Receive a weekly summary and discussion of the top papers of the week by leading researchers in the field.

In Internal medicine journal

Machine learning is a tool for analysing digitised datasets and formulating predictions that can optimise clinical decision-making. It aims to identify complex patterns in large datasets and encode them into models that can then classify new unseen cases or make predictions on new data. Machine learning methods take several forms and individual models can be of many different types. More than 50 models have been approved for use in routine health care, and the numbers continue to grow exponentially. The reliability and robustness of any model depends on multiple factors, including the quality and quantity of the data used to develop the models, and the selection of features in the data considered most important to maximising accuracy. In ensuring models are safe, effective, and reproducible in routine care, physicians need to have some understanding of how these models are developed and evaluated, and to collaborate with data and computer scientists in their design and validation. This narrative review introduces principles, methods and examples of machine learning in a way that does not require mastery of highly complex statistical and computational concepts. This article is protected by copyright. All rights reserved.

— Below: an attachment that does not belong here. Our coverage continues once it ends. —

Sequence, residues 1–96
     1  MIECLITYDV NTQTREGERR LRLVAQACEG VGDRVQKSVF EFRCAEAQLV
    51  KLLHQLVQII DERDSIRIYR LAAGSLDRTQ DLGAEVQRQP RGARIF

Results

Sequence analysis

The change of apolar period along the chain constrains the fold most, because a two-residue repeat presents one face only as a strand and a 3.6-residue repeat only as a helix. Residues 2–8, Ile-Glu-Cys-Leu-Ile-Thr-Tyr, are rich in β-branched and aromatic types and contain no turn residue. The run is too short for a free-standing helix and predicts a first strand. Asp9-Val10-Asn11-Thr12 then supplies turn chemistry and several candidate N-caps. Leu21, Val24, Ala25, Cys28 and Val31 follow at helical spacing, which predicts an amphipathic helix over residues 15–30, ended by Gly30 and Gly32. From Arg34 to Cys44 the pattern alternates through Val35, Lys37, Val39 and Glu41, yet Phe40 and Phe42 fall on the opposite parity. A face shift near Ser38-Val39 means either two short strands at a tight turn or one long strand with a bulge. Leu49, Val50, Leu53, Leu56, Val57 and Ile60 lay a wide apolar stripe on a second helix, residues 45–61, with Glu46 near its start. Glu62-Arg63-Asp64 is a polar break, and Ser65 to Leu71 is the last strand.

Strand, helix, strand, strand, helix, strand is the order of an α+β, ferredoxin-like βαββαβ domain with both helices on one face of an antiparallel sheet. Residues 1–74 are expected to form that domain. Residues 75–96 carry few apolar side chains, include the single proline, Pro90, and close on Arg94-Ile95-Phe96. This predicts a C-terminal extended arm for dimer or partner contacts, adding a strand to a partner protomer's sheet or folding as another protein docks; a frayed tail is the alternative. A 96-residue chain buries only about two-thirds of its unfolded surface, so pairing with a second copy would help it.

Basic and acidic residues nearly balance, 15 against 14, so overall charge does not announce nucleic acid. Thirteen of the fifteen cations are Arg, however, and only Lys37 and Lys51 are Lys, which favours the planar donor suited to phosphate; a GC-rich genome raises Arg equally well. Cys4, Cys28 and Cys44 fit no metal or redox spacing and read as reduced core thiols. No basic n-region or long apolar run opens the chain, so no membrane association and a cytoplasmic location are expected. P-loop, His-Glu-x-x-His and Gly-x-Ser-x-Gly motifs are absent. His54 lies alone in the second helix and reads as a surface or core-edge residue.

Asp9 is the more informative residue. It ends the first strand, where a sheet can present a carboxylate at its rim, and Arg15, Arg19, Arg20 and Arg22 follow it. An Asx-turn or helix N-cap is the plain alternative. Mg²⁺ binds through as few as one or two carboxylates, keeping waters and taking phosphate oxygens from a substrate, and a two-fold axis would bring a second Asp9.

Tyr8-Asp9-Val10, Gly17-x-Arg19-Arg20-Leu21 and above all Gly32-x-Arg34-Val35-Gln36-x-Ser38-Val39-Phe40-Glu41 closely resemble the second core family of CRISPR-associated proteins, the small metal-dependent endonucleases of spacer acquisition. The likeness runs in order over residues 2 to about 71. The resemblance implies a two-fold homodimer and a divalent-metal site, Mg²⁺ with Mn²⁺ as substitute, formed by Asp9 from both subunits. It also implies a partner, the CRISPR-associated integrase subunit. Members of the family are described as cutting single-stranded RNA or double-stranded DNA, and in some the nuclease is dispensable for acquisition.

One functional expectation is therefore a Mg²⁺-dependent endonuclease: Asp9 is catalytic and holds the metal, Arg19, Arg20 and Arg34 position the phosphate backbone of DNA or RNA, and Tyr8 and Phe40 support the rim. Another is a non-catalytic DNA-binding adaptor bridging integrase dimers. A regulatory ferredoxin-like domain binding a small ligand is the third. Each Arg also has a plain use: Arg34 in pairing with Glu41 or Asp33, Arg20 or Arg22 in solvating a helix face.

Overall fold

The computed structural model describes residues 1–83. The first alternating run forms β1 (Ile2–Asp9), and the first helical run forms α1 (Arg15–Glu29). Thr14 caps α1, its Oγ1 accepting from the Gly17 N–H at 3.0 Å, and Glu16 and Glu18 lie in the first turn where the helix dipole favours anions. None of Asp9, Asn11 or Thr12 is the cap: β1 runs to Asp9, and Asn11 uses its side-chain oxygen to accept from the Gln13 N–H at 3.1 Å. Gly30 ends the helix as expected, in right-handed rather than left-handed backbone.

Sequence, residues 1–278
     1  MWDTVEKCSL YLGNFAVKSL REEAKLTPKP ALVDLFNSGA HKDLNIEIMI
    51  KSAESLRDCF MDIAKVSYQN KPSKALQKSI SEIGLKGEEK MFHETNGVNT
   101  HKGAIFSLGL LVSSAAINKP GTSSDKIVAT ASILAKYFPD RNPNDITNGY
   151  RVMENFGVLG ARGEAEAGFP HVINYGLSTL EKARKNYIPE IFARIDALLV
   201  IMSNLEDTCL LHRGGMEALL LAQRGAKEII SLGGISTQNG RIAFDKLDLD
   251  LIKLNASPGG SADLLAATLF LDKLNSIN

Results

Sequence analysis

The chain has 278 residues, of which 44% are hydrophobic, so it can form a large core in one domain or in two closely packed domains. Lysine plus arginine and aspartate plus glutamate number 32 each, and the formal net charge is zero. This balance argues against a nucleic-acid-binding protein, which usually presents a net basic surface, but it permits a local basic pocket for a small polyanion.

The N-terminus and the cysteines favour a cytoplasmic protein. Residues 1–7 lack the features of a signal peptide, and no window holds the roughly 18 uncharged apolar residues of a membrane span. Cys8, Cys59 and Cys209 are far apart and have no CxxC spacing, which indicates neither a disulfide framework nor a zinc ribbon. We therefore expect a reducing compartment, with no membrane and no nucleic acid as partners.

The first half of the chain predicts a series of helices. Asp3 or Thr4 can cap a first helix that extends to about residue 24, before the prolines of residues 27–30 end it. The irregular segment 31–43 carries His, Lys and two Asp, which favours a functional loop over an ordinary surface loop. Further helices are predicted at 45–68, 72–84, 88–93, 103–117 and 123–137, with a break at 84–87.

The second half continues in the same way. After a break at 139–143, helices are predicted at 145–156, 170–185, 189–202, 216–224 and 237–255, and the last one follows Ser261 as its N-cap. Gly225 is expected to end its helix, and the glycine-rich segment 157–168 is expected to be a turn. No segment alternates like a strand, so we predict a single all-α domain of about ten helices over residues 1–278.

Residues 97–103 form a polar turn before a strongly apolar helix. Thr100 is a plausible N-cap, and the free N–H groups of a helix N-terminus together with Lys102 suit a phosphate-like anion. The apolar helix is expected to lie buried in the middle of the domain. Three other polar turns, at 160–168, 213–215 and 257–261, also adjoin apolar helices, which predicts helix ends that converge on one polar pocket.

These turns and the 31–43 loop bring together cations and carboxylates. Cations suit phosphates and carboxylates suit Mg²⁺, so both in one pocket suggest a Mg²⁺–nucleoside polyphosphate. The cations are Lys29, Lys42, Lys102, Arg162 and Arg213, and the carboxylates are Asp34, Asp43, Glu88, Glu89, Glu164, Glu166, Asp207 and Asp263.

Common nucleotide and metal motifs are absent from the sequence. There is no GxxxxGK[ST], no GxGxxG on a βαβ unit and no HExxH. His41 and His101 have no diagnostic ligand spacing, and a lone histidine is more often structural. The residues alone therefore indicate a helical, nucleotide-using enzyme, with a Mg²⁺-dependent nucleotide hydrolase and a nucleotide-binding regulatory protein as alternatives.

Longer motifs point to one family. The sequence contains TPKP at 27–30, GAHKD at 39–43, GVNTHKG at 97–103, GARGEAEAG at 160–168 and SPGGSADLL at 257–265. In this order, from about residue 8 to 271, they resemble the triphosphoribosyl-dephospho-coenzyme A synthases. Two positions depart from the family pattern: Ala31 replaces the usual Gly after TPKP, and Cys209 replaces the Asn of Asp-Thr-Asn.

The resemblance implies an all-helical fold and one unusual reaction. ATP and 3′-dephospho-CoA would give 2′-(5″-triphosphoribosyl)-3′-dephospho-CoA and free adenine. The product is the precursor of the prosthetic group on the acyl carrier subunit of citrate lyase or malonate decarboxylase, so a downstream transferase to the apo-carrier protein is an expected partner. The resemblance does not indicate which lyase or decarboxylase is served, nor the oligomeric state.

Scott Ian A